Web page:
A federal agency has awarded four Indiana groups a combined $141,000 for counseling to help individuals and families avoid foreclosure and make better home-buying and rental choices.
Saying goodbye: Baker to retire after more than 40 years as a judge
It wasn’t quite the retirement he expected. With COVID-19 forcing most of the population to work from home, Court of Appeals Judge John Baker quietly visited the Indiana Statehouse in early June to pack up his chambers. Though he won’t officially retire until July 31, he decided to close out his Indianapolis office early, without the usual pomp and circumstance of a sendoff. “I wanted to work from home,” Baker said with a laugh, “but I didn’t mean for everyone else in the world to have to do it.”Read More
Web Exclusive: ‘Low bono’ clinic seeks to fill access-to-justice gap
Growing up in a five-person home, Bloomington attorney Jamie Sutton’s family had an on-again, off-again relationship with welfare and social assistance programs. His firm, Justice Unlocked, offers “low-bono” services — representation on a sliding fee scale that low- to middle-income individuals who earn too much to qualify for pro bono services can afford.Read More
The man convicted nearly 15 years ago in the killing of Indiana University student Jill Behrman will be released from custody later this month after the same judge who granted his request for habeas relief last year also granted his bid for coronavirus-related release.
Purdue University faces a second proposed class-action lawsuit filed by a student who says he and others are owed refunds for tuition and fees paid for in-person classes and activities that transitioned to remote education when campuses closed due to the COVID-19 pandemic.
A southern Indiana man faces a murder charge after police officers searching for a missing woman found her bloodied body in his apartment, hidden beneath blankets and with stab wounds.
The Indiana Court of Appeals affirmed a Monroe County woman’s temporary mental health commitment at a Bloomington hospital after finding her schizophrenia made her dangerous to herself and gravely disabled.
Environmental groups and officials in a southern Indiana county are suing the U.S. Forest Service over its plan to burn or harvest parts of the Hoosier National Forest, alleging that it could taint drinking water for more than 140,000 people.
A driver who wheeled into an empty parking lot on a Saturday afternoon in Bloomington only to return an hour later and find his ride had been towed won the sympathy of the Indiana Court of Appeals, but his argument that his car was taken in violation of state statutes failed to gain any traction.
When the ugly weed of hate and division sprouted at the Bloomington farmers’ market last summer, it highlighted deeper conflicts in the college town and launched a community-wide mediation to address longstanding issues of discrimination and bigotry.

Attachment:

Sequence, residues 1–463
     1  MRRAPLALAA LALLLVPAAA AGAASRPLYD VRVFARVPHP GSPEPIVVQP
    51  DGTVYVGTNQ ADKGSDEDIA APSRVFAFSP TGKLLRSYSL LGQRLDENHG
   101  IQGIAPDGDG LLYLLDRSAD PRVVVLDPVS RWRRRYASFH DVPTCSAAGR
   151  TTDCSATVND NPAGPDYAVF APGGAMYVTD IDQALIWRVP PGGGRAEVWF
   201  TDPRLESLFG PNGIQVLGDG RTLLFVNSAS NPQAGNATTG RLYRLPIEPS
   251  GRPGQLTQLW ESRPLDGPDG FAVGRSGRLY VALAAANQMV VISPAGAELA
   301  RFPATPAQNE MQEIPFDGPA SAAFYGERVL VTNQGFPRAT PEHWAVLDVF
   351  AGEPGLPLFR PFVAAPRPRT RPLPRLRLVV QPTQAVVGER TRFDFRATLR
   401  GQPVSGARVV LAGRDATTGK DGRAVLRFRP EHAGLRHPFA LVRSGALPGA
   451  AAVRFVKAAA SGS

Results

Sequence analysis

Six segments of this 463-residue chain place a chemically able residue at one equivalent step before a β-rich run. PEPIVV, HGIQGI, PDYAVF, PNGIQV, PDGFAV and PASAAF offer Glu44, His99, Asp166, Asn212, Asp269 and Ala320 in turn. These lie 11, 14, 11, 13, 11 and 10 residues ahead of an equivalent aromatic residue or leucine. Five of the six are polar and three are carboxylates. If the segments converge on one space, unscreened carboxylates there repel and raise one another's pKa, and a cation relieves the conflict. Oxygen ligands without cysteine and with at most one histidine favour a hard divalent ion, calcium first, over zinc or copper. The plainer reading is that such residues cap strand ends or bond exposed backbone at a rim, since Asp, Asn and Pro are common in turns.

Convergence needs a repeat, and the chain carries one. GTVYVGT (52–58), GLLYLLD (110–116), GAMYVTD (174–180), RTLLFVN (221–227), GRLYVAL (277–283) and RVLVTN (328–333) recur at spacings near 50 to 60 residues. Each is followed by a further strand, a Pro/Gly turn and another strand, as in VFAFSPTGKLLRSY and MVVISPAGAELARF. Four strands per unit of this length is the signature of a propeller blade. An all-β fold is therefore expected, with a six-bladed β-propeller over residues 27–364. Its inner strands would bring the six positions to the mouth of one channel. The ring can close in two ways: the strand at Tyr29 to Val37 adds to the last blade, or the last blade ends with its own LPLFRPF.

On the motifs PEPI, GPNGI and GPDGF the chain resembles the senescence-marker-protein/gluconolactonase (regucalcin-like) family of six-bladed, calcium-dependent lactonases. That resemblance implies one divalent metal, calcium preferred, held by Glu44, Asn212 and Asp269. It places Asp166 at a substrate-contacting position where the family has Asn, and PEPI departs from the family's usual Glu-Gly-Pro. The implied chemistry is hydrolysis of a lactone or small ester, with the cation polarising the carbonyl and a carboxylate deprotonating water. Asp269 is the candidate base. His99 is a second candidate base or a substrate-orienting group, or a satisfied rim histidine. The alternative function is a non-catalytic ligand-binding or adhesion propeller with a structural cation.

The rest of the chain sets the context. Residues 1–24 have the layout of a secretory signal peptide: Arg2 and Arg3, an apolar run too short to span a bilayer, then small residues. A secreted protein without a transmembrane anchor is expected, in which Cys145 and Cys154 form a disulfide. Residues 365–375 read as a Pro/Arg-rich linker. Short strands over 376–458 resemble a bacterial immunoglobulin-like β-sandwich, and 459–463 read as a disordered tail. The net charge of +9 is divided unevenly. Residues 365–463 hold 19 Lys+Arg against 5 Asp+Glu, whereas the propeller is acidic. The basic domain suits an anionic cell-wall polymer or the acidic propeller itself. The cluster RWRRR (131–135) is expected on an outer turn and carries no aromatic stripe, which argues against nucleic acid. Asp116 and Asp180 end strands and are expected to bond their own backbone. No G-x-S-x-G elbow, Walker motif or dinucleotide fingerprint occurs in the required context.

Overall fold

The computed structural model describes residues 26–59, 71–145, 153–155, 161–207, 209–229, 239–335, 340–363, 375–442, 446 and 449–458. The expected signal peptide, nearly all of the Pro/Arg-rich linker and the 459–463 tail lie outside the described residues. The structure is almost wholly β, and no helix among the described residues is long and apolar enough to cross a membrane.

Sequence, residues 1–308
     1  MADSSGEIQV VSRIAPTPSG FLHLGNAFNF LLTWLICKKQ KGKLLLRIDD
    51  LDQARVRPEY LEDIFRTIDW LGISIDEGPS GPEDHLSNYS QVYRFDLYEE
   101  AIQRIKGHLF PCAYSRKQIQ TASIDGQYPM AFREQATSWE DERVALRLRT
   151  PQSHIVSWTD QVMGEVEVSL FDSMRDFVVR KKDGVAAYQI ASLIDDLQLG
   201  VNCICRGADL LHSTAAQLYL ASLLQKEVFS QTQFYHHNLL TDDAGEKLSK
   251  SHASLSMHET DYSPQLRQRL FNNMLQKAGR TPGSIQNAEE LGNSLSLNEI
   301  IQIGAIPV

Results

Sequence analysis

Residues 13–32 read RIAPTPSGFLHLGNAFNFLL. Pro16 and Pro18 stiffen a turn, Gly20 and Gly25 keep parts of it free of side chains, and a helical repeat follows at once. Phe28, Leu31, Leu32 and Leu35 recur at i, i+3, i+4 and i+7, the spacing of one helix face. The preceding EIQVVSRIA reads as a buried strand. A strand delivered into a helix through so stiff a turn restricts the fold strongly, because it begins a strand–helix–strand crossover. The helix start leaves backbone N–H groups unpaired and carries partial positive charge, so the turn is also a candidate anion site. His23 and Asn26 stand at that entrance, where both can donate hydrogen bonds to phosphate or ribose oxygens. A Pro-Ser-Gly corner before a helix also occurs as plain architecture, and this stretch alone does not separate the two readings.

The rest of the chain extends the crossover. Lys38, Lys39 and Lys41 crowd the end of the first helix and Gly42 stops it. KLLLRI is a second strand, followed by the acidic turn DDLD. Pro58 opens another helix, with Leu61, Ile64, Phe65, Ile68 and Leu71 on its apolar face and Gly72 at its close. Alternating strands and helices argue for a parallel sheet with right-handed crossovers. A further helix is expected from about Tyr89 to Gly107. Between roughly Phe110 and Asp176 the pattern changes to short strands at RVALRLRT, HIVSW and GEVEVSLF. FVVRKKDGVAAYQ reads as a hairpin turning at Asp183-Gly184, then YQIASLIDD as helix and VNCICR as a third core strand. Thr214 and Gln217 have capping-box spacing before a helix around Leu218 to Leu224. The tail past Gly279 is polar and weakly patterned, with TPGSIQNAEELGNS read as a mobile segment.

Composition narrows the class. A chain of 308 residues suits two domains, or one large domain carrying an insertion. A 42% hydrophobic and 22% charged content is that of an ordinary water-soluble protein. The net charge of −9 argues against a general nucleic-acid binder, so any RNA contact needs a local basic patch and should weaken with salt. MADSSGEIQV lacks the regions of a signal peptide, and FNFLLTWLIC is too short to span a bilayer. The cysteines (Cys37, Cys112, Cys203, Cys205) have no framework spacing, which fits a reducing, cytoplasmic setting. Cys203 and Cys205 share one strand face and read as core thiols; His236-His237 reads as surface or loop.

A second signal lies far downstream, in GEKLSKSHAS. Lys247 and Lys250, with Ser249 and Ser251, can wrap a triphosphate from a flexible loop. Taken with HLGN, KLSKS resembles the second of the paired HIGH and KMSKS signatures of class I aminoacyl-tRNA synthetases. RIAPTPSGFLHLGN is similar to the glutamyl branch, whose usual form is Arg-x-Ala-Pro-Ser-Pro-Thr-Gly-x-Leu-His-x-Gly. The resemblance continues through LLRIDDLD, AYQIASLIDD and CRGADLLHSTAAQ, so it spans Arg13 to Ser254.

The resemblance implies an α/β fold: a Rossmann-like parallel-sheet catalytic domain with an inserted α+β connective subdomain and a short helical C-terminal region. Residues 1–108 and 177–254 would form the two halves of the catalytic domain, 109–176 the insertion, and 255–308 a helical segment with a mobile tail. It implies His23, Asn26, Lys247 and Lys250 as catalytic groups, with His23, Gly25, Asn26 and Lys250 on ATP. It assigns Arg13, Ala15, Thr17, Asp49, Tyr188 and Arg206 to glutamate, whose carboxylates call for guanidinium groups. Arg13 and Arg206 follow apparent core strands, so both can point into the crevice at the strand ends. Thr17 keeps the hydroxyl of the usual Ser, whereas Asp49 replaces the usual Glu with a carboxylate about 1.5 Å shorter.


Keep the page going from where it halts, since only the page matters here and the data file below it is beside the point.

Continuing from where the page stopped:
Tenant protections that the city of Indianapolis put in place just weeks ago are set to be overruled by state legislation that passed both chambers of the Indiana General Assembly on Wednesday.
Three traditional-marriage organizations challenging the amendment to Indiana’s controversial Religious Freedom Restoration Act are asking the Indiana Court of Appeals for relief, asserting they have standing to sue four cities that have enacted anti-discrimination ordinances.
A staple of the Indiana judiciary for more than 40 years, Indiana Court of Appeals Judge John G. Baker was honored by members of the Legislature ahead of his impending retirement.
A woman whose vehicle rear-ended a pickup truck in a Bloomington wreck is liable for the truck’s diminished value after it was repaired, the Indiana Court of Appeals ruled Wednesday in a reversal.
While the political climate is being credited with boosting applications to law schools nationally, Indiana’s legal institutions might be immune to the hubbub since they have posted fluctuations but no discernable upward trend in the number of individuals applying for enrollment.
A split appellate court has affirmed for a southern Indiana property owner in a dispute over a former Indiana University fraternity house after the university decided to no longer recognize the fraternity. In doing so, the panel struck down a local Bloomington ordinance that deferred to IU in regulating fraternities and sororities.
An Indiana University associate professor arrested last summer while protesting against a farmers market vendor alleged to have ties to a white supremacist group has taken a step toward filing a civil lawsuit against the city of Bloomington.
In his practice at Mallor Grodner in Bloomington, attorney D. Michael Allen is seeing more and more cases that have a digital component. While he learned on the job, he also enrolled in the IU Maurer School of Law cybersecurity master’s program.
A judge has granted class-action status to a lawsuit alleging Indiana University breached its contract by providing substandard living assignments to thousands of students staying in residential halls where mold was found.
SmithAmundsen and the Indianapolis intellectual property firm of Brannon Sowers & Cracraft have agreed to a strategic alliance which will allow each firm to retain its identity while having access to the other’s attorneys and resources.
A federal judge has vacated a $3 million jury award against Cook Medical, saying a Georgia woman who sued the Bloomington-based device maker “did not have overwhelming evidence” to show the company’s implanted blood-clot filter was defective or caused her injuries.
Arguments were heard Thursday before the state’s highest court in an annexation dispute between the City of Bloomington and the Indiana Governor’s Office, with the city defending its award of summary judgment and Gov. Eric Holcomb’s office arguing for a reversal.